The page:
In the Masoretic text (hebrew scriptures) "Yehowih" is found in over 300 instances. In each instance where "Yehowih" is found, the Hebrew word "Adonai" always precedes it. Thus, it says "Adonai Yehowih."

The reason for this oddity proves that the scribes were trying to get the reader to say "Adonai" when giving us "Yehowah." If the scribes had actually put "Adonai Yehowah" instead of "Adonai Yehowih" the reader would have had to say "Adonai Adonai" whenever they came across this phrase, a rather awkward situation. Therefore, they put the vowel points for "Elohim" (YeHoWiH) in Yahweh's name whenever "Adonai Yahweh" existed in the text so that the reader would say "Adonai Elohim" rather than "Adonai Adonai."

To me this easily proves that the intent of the vowel points inserted in Yahweh's name was not to supply a correct pronunciation of our Father's name, but rather to get the reader to say "Adonai" or "Elohim" instead. Thus, "Yehowah" (and it's companion "Yehowih") are not correct pronunciations of our Father's name, but are actually hybrids that combine the letters of Yahweh's name with the vowel sounds of two other words: Adonai and Elohim.

Some suggest that since there are cases where even the vowel point for "O" from Adonai is missing from the Name, there was a conspiracy to prevent readers from pronouncing the Name as "Yehowah." But Exodus 13:9, Jeremiah 36:8, Ezekiel 44:5 and Nahum 1:3 you will find both Yehowah and Yehwah in the same verse. Also, whenever the vowel points for "Elohim" are used, about 90% of them also lack the "O" sound in the middle. It appears that the Masorites were more careless with the placement of these uninspired vowel points due to the fact that most Jews had practiced the substitutions from their youth, and one or two vowel points from either "Adonai" or "Elohim" would have been sufficient reminder.

Contact me if you are interested in a point-by-point rebuttal to an article (which was written by an unbeliever) supporting the "Yehowah" pronunciation.

Yahweh

It is important to understand that in Hebrew, the verb form determines how the vowels sound. This is somewhat like English where the verb "Run" changes to "Ran" if past tense is intended, and "Running" if present tense is intended. But in Hebrew, certain letters are added and vowel sounds will change depending on whether it is 1st, 2nd or 3rd person, or whether it is masculine or feminine, or whether the word is intensive, causative, etc. 

Understanding this basic fundamental of the Hebrew language will help us to understand Yahweh's own explanation of His name in Exodus 3:14 

Exod. 3:13-14 - Then Moses said to Elohim, "Indeed, when I come to the children of Israel and say to them,`The Elohim of your fathers has sent me to you,' and they say to me,`What is His name?' what shall I say to them?"
14 And Elohim said to Moses, "I AM WHO I AM." (אהיה אשׁר אהיה 'ehyeh asher ehyeh') And He said, "Thus you shall say to the children of el,`I AM (אהיה 'ehyeh') has sent me to you.'"

Yahweh said to tell the people of Israel that His name is "I AM THAT I AM" or "Ehyeh asher ehyeh." We know that "ehyeh" is the way you pronounce "Hayah" (a verb meaning, "to be") in the first person form. So why then did He tell Moshe to call Him יהוה 'Yahweh' rather than אהיה 'Ehyeh' in the next verse?

Exod. 3:15 - Moreover Elohim said to Moses, "Thus you shall say to the children of Israel:`Yahweh ( יהוה ) Elohim of your fathers, the Elohim of Abraham, the Elohim of Isaac, and the Elohim of Jacob, has sent me to you. This is My name forever, and this is My memorial to all generations.'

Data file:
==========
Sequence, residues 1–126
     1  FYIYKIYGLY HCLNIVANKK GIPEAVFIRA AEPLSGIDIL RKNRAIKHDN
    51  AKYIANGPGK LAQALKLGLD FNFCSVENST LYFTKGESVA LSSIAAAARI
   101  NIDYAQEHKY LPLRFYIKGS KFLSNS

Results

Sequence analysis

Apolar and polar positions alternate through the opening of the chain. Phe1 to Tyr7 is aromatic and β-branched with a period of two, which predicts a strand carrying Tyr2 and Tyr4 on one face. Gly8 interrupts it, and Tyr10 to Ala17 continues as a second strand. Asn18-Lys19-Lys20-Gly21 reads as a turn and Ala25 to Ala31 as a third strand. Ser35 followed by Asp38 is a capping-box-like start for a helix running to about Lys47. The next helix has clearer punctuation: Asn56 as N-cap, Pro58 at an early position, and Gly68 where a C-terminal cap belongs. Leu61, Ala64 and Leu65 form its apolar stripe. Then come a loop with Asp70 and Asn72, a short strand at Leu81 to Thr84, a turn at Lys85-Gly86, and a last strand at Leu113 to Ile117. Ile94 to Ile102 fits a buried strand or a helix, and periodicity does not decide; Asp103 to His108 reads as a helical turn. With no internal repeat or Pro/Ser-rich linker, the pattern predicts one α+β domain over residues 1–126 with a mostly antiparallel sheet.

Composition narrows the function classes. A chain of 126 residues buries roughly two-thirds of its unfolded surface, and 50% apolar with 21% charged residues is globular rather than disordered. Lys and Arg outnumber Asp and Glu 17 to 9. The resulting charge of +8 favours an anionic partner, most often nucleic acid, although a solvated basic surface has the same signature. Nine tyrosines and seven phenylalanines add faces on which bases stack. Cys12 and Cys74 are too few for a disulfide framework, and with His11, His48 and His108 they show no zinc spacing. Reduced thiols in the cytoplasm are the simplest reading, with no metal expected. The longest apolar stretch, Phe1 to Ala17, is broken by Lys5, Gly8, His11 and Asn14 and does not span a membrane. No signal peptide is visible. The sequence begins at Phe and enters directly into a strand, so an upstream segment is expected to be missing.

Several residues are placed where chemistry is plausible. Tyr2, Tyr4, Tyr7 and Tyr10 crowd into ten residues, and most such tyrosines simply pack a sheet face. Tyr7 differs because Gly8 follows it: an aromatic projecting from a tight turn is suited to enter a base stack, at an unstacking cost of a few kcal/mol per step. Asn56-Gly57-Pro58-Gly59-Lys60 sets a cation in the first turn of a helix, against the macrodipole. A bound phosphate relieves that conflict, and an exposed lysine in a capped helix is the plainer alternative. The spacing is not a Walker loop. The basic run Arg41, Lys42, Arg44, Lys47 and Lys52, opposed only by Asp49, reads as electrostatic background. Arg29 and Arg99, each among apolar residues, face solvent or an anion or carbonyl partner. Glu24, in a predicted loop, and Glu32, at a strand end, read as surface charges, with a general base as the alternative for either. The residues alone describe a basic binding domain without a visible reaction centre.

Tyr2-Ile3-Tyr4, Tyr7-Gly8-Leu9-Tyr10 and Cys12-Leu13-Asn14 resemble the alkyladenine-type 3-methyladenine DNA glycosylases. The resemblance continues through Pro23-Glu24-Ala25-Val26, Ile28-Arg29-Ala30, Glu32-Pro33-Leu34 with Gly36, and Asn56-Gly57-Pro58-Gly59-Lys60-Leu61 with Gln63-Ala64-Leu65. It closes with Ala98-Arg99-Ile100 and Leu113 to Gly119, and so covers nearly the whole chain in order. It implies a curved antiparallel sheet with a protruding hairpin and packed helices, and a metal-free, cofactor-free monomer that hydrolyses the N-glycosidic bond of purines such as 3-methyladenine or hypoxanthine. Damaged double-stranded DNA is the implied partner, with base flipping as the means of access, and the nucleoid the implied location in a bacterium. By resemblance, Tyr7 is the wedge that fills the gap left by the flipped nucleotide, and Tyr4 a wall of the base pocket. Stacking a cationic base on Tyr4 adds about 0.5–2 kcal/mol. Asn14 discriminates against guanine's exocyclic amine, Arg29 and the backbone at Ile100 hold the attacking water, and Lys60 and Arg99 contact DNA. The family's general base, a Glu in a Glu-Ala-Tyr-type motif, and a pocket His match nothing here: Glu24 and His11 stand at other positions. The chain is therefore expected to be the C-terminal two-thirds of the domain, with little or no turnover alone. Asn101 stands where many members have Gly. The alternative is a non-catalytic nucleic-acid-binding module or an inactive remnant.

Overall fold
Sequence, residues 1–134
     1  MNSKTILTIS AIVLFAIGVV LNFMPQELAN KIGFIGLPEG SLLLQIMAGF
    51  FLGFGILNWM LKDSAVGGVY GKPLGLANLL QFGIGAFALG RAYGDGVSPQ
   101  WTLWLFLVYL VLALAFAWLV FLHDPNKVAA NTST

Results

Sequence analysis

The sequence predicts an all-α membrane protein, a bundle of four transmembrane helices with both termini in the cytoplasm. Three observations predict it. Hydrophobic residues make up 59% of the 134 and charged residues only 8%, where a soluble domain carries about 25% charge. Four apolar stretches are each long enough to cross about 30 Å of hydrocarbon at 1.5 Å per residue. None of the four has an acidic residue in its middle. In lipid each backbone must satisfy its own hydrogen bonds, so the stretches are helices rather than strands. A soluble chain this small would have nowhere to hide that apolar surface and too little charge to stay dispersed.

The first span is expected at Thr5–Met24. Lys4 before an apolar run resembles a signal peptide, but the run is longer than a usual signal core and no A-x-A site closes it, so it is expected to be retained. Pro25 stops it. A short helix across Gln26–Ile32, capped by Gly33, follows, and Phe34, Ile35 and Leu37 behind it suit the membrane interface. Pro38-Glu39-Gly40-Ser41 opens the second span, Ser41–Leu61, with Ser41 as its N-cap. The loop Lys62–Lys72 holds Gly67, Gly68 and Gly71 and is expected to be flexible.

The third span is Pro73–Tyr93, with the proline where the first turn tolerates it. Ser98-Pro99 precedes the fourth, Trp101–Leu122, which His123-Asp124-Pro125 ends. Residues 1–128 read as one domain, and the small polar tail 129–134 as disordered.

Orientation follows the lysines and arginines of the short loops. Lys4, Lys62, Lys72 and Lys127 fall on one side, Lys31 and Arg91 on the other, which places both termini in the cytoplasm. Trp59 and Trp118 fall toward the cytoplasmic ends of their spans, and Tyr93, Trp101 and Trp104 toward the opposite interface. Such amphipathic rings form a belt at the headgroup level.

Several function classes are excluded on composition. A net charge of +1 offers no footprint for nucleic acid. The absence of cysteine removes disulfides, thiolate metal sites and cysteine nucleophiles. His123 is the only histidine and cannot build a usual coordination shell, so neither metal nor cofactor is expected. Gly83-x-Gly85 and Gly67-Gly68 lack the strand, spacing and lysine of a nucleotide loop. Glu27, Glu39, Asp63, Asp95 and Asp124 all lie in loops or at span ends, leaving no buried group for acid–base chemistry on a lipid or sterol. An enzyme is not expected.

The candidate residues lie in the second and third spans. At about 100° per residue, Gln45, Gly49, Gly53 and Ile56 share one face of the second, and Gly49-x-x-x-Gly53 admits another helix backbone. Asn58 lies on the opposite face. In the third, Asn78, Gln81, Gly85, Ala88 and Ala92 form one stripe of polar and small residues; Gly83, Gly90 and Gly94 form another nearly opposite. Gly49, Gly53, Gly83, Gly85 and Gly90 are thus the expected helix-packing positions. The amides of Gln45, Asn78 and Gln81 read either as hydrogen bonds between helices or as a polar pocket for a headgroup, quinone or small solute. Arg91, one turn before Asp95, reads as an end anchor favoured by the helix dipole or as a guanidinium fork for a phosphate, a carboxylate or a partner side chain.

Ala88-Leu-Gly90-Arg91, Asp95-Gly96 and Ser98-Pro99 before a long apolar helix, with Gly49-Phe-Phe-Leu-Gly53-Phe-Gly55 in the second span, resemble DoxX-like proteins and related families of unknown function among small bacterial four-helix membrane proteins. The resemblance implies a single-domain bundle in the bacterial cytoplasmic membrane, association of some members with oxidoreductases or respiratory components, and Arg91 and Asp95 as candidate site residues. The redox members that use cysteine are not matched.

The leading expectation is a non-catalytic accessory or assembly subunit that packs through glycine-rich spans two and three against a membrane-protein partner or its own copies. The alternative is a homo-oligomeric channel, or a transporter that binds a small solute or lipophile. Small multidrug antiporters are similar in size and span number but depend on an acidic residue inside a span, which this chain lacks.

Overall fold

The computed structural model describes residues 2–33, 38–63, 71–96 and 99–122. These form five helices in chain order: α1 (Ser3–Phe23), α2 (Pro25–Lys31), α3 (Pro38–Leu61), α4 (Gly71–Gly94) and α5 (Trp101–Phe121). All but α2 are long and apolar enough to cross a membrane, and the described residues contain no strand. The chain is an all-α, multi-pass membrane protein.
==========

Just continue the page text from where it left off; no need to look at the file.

Putting it simplistically, the form "Yahweh" is the 3rd person form of the same Hebrew verb, "Hayah." Yahweh was declaring who He is in saying "I AM" ("ehyeh") in Exodus 3:14, but when we refer to Him we say "HE IS, or He causes to exist" יהוה which is the 3rd person form, causative.

This understanding is supported in verses like:

Ezek. 37:6 - "I will put sinews on you and bring flesh upon you, cover you with skin and put breath in you; and you shall live. Then you shall know that I am Yahweh."

Don't they already know He is Yahweh? What is He saying here?

Well, if we understand that יהוה is the 3rd person causative form of the verb "hayah", the Hebrew reader would understand that once He puts breath in them and they live, they would know that "I am 'He who causes to exist' (Ani Yahweh)."

All throughout history this has been the ultimate debate. Who is the author of all that exists? There are 73 scriptures where Yahweh makes this statement "you/they shall know that I am Yahweh". He wants us to have the understanding that HE IS, and HE WILL CAUSE YOU TO KNOW THAT HE IS BY WHAT HE DOES. This is how He introduced Himself to Yisrael, for "He who comes to Elohim must believe that HE IS" (Hebrews 11:6).

As far as I know, other proposed pronunciations (Yahuah, Yahuwah, Yehowah, etc) have no meaning at all in the Hebrew language, whereas it seems to me that Yahweh Himself in Exodus 3:14 was trying to attach a genuine meaning to His name. In the vast majority of cases, an "-ah" ending (with ה as the final letter) is actually a feminine ending in Hebrew. The fact that the Masorites were willing to place a vowel point indicating an "ah" sound at the end of יהוה is further evidence that His name would not end in "ah."

Some suggest that since there are some other Hebrew names don't follow Hebrew verb patterns, Yahweh's name shouldn't either. But the fact that "Ehyeh" does follow the correct (1st person) grammatical verb pattern, it would logically follow that יהוה would also contain the correct verb pattern. After all, He was using first person form to clarify the etymology of His name. And of all the proposed pronunciations, the only one that makes any grammatical sense or even carries a meaning at all in the Hebrew is the form "Yahweh."